[Please note: changes were made to this blog on 27/7/15, following discussion between Ioana Cristea and Tom Johnsen – see comments below].
Mental Elf readers are well aware of criticisms directed at psychotherapy’s prodigal son: cognitive behaviour therapy (CBT). Unarguably the most studied and most recommended form of psychotherapy, CBT has nonetheless been been shown to have some problems (see my previous blogs on CBT for adult depression and wait-list control exaggerating the efficacy of CBT).
This may explain why critics particularly rejoiced at this recent meta-analysis (Johnsen and Friborg, 2015), and why it attracted so much attention and almost indiscriminate praise, both among researchers and in the media. Publication in psychology’s number 1 journal, Psychological Bulletin, seemed to additionally guarantee its trustworthiness. But did it?
Disclosure: I am currently involved in a re-analysis of the Johnsen and Friborg study (2015).
The primary objective of this meta-analysis was to examine whether published clinical CBT trials (both uncontrolled and controlled) for depressive disorders showed an historical change, in the sense of an increase in their treatment effects over time, independent of other study related variables. The authors included both uncontrolled and controlled trials (randomised or not) in their meta-analysis.
They used an impressive set of exclusion criteria. Studies were excluded if:
- The implemented therapy was not “pure” CBT (e.g. mindfulness-based CBT)
- Unipolar depression was not the primary diagnosis
- Participants were not adults
- Therapy was not implemented by a trained CBT therapist
- The psychological intervention was not intended to treat depression
- Outcome was not measured with the Hamilton Rating Scale for Depression (HRSD) or the Beck Depression Inventory (BDI)
- Patients had acute physical illnesses, bipolar or psychotic disorders
- Treatment was not implemented as individual face-to-face therapy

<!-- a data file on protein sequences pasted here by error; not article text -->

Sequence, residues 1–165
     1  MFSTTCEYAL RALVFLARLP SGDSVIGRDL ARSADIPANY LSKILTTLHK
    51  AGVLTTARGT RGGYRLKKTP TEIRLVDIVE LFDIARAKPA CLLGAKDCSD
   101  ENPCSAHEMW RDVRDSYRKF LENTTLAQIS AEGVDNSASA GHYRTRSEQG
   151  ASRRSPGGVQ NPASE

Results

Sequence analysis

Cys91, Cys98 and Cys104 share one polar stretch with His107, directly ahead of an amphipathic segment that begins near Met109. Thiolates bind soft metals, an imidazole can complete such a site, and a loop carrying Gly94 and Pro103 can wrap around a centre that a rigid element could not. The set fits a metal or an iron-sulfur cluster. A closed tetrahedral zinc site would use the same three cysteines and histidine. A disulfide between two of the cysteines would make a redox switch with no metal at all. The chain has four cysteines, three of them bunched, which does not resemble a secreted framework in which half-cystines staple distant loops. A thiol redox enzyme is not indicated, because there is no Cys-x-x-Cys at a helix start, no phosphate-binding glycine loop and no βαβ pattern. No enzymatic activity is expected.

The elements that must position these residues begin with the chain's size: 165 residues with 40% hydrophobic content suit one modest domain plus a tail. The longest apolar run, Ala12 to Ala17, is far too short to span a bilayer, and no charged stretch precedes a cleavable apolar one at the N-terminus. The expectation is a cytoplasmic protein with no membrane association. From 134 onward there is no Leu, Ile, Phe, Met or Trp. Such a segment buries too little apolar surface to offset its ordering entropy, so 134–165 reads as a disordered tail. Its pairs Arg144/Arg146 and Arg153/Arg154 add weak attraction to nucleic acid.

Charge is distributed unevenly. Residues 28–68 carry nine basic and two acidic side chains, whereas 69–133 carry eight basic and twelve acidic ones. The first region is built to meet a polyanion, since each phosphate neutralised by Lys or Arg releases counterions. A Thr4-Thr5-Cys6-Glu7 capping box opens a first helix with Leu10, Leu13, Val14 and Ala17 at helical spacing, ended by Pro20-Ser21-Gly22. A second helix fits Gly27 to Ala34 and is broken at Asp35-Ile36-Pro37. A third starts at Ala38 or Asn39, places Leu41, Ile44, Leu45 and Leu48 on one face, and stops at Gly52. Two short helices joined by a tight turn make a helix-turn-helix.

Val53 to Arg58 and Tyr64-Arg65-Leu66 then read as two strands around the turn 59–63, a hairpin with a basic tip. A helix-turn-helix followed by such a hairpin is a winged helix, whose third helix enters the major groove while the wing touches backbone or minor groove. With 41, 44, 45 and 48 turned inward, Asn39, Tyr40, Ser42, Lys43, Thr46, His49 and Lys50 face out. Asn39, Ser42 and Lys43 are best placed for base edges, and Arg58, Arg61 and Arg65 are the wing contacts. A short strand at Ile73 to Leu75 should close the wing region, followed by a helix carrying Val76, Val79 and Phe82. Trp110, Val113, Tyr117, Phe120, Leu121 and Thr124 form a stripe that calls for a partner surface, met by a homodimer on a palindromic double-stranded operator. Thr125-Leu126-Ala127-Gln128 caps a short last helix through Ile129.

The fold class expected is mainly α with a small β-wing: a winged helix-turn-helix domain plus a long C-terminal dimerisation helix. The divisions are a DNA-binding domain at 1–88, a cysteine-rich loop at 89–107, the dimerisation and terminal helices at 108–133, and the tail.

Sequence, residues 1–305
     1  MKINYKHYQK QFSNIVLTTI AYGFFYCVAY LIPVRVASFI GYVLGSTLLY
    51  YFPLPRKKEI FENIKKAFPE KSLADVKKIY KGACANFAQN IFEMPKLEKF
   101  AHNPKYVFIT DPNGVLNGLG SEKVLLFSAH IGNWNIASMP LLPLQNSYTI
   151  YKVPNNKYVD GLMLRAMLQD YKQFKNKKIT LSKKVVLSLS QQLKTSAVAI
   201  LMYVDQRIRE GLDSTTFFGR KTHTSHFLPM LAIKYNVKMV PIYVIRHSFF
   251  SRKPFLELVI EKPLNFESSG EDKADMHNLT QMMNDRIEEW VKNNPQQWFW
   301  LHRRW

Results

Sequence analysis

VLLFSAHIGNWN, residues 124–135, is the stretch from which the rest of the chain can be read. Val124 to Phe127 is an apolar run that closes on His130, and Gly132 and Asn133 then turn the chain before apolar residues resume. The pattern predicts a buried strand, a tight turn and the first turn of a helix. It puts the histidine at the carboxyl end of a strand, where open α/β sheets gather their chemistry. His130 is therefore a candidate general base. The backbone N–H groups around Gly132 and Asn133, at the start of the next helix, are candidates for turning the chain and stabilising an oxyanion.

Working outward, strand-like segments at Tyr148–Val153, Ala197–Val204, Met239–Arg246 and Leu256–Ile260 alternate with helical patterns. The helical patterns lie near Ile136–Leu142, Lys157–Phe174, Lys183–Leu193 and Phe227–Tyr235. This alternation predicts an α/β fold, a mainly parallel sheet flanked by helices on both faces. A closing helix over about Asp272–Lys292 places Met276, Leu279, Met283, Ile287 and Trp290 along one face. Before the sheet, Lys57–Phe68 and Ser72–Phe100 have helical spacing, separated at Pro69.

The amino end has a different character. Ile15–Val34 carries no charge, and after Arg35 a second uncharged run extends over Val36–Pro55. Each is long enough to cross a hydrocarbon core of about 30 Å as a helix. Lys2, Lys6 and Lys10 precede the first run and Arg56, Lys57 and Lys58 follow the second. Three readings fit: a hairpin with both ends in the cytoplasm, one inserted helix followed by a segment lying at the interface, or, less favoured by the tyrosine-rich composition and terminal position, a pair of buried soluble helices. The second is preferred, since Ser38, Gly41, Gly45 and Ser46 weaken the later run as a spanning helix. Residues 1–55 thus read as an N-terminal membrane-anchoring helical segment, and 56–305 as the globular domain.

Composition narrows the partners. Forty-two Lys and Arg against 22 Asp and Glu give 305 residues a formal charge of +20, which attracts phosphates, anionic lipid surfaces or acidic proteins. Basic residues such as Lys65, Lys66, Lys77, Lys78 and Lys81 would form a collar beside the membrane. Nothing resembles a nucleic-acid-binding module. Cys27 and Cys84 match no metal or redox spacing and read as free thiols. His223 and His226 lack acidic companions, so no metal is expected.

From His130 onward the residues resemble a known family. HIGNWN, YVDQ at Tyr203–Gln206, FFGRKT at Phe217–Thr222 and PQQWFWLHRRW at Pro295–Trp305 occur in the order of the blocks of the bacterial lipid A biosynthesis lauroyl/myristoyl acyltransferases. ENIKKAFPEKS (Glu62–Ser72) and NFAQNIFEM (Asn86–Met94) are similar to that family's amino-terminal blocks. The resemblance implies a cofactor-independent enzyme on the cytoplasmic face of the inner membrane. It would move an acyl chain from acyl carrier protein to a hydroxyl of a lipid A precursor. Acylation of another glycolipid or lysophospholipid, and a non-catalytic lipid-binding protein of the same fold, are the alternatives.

- Patients had a BDI score lower than 13.5
For studies that did not include a control group, effects sizes (ES) were computed as the standardised mean difference, by subtracting the post- from the pre-intervention means, and dividing by the standard deviation of the change score. For controlled trials, effect sizes were calculated separately for the intervention and control group, with a similar procedure. The authors also computed remission rates, defined as the number of patients who completed treatment with a BDI score below a predefined cut-off of 10.
The authors identified 70 trials, out of which 52 were randomised controlled trials (RCTs), and the rest were non-randomised trials. Apart from computing overall effect sizes, thus combining RCTs and non-randomised studies, they also operated an unusual combination. They also computed a controlled effect size (RCTs with a waitlist or treatment as usual control) and within-study design effect sizes (all non-randomised trials PLUS the CBT arm from RCTs that could not, in the authors’ words, be qualified as controlled in the present analyses, even if they were also RCTs such as comparisons with medication). What is essential to note is that only the former category (controlled effect sizes) included exclusively RCTs.
53 within-study design effect sizes and 17 controlled effect sizes (out of which 15 were wait-list comparisons) were analysed.
- There was a negative relationship between the ESs of CBT based on the BDI and publication year (p<.001). Subgroup analysis indicated that a similar relationship was evident among both within-study design (p<.001) and controlled studies (p<.05).
- A similar trend of the ESs of CBT decreasing with publication year was shown on the HRSD (p=.01). However, in this case, while the relationship was evident in the within-study design (p<.01), it was not significant in the controlled studies (p=0.51).
- Remission rates were also negatively related with publication year (p<0.01). Unfortunately, the authors did not report separate results for within-study design and controlled effect sizes.
- The waiting list control group did not show a similar trend of decreasing ESs across time (p=.48).
- Analyses excluding studies with small sample sizes (arbitrarily defined as n<20) obtained the same significant negative trend (p=0.02). Again, the authors failed to report separate results for within-study design and controlled studies.
The authors concluded that:
The main finding was that the treatment effect of CBT showed a declining trend across time and across both measures of depression (the BDI and the HRSD).
The authors also discuss possible reasons for the decreasing effects of CBT, ranging from deviations from the therapy manual, to the reduction of treatment fidelity and the dynamics of the placebo effect. As the placebo effect is always higher for new treatments, they wonder if that may have been the case for CBT, and whether as time passed, positive expectations about CBT dwindled. In fact, they even worry whether their own meta-analysis might further weaken faith in CBT.
But for anyone familiar with the methodological aspects of meta-analyses, this particular one does not engender a loss of confidence in CBT. It does, however, elicit considerable loss of faith in meta-analyses and in their reliability and usefulness.